A Room of One's Own
Virginia Woolf's landmark inquiry into women's role in society
In A Room of One's Own, Virginia Woolf imagines that Shakespeare had a sister--a sister equal to Shakespeare in talent, and equal in genius, but whose legacy is radically different. This imaginary woman never writes a word and dies by her own hand, her genius unexpressed. If only she had found the means to create, argues Woolf, she would have reached the same heights as her immortal sibling. In this classic essay, she takes on the establishment, using her gift of language to dissect the world around her and give voice to those who are without. Her message is a simple one: women must have a fixed income and a room of their own in order to have the freedom to create.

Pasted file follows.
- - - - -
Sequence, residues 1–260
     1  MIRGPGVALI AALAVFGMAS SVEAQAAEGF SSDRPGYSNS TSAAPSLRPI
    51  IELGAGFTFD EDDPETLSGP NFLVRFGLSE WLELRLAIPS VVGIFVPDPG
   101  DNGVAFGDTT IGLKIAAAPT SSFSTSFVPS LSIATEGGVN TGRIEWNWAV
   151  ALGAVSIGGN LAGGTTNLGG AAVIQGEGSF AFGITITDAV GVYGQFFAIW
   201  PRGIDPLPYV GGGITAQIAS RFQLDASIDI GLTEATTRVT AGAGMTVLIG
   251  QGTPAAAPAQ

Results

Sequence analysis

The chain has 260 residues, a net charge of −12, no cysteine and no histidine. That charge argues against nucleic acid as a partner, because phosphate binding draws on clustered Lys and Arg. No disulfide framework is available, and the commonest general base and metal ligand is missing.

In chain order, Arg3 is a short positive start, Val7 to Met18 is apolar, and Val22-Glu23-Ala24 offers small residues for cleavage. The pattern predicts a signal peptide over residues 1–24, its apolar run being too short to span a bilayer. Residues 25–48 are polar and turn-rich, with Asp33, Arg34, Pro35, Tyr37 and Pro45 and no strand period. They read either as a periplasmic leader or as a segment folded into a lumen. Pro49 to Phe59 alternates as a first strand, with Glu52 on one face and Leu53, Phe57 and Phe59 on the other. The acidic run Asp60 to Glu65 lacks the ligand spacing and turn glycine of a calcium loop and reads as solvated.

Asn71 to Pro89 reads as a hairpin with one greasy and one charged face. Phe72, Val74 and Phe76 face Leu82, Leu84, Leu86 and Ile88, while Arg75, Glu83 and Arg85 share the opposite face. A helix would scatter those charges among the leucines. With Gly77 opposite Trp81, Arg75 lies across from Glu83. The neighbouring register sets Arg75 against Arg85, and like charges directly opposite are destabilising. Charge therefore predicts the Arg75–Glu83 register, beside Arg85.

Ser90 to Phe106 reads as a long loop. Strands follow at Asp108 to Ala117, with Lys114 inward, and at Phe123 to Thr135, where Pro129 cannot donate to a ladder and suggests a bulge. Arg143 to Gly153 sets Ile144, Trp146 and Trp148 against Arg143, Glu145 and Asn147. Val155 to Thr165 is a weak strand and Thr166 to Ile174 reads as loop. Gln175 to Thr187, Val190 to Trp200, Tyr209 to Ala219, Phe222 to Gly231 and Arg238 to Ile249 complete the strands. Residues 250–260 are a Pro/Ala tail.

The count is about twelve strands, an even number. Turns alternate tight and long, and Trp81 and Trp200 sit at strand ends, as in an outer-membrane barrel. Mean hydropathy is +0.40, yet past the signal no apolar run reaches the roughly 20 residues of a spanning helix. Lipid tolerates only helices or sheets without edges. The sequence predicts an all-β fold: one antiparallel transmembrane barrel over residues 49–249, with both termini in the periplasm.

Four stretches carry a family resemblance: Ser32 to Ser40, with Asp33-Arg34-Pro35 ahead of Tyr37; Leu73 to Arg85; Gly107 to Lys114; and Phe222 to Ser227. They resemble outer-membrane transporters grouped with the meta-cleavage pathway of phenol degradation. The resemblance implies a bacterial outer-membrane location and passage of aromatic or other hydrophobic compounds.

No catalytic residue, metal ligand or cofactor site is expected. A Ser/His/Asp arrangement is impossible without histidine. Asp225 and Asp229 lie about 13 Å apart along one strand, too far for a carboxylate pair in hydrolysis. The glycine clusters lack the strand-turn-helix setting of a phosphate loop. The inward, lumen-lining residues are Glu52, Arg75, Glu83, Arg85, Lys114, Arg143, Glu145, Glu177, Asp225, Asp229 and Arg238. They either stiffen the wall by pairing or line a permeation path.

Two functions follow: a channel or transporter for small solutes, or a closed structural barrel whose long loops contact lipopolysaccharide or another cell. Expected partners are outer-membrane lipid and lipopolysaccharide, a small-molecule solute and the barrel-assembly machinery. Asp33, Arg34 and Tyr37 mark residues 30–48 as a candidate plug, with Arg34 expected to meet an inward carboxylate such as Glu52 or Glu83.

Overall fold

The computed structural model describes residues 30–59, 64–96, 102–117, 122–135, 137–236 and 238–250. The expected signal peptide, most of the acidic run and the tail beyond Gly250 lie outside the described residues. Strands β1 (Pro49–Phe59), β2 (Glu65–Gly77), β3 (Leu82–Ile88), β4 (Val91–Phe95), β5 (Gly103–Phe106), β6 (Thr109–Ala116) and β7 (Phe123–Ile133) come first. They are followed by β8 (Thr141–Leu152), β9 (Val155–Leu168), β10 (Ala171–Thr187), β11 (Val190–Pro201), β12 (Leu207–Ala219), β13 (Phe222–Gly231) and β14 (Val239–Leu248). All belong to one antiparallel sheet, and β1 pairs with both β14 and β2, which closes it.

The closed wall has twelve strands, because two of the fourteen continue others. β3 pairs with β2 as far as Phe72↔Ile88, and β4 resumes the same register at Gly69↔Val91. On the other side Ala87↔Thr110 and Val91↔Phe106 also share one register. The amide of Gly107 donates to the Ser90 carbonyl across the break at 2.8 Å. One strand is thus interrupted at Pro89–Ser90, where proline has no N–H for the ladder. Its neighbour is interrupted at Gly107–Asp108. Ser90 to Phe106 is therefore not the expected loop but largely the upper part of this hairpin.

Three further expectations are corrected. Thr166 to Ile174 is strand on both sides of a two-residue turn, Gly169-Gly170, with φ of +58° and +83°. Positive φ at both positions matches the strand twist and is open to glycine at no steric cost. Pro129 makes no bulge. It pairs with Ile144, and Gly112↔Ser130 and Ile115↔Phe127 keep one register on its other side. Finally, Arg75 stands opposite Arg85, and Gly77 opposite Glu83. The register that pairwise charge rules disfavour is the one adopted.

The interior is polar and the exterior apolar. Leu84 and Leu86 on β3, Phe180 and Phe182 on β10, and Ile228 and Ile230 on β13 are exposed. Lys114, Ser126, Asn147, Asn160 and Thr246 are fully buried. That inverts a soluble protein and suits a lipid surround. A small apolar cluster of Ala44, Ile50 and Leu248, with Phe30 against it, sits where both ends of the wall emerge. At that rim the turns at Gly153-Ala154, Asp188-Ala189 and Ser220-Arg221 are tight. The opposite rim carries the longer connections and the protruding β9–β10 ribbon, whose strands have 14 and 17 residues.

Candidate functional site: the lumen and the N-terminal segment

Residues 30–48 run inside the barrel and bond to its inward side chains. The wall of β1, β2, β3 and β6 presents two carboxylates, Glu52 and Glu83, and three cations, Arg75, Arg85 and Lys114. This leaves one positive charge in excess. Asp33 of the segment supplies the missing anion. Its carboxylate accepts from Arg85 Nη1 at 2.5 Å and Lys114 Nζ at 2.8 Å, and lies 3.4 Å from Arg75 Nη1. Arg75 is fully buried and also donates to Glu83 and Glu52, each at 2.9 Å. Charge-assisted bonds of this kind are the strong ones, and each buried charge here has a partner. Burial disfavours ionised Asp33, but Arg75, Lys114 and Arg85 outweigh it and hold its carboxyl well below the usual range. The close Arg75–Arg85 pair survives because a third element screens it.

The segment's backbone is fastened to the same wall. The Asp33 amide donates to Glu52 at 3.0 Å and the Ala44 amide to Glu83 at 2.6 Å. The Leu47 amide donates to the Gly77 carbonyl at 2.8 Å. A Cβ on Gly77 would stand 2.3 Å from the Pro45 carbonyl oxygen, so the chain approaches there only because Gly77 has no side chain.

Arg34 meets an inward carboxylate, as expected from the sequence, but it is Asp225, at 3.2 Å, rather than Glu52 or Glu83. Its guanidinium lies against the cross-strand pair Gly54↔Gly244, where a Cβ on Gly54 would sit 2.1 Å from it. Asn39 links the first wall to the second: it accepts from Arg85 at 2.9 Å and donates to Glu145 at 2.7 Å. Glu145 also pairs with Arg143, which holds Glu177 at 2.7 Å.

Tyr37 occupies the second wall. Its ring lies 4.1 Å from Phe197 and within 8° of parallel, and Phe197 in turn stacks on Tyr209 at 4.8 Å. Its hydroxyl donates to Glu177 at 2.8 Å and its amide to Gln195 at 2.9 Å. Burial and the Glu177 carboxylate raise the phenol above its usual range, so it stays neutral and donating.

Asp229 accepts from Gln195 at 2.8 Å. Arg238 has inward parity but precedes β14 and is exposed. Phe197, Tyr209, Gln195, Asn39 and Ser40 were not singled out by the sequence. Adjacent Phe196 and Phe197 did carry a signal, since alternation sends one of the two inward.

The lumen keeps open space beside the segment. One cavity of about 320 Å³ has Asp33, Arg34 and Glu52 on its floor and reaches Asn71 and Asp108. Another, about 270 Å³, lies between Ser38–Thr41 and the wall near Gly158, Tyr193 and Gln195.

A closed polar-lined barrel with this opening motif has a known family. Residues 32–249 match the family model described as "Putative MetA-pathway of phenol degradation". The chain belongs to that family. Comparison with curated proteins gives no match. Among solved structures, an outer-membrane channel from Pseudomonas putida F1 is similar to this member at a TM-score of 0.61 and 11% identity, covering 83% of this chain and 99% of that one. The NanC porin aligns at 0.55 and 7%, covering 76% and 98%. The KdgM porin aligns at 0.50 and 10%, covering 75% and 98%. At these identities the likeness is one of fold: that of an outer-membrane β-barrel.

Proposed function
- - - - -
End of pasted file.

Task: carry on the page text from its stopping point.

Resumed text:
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LibraryThing ReviewUser Review - Cheryl_in_CC_NV - LibraryThing
I'm sure it was ground-breaking in its time. I am not a scholar nor a writer, though, so after the first chapter I gave up fighting her incredibly long and rambling chapters and skimmed to the end. My ... Read full review
LibraryThing ReviewUser Review - sweetiegherkin - LibraryThing
Virginia Woolf’s A Room of One's Own is an extended essay on the topic of women and fiction based on some lectures that Woolf gave at a couple of women's colleges in 1928. Of course, being a novelist ... Read full review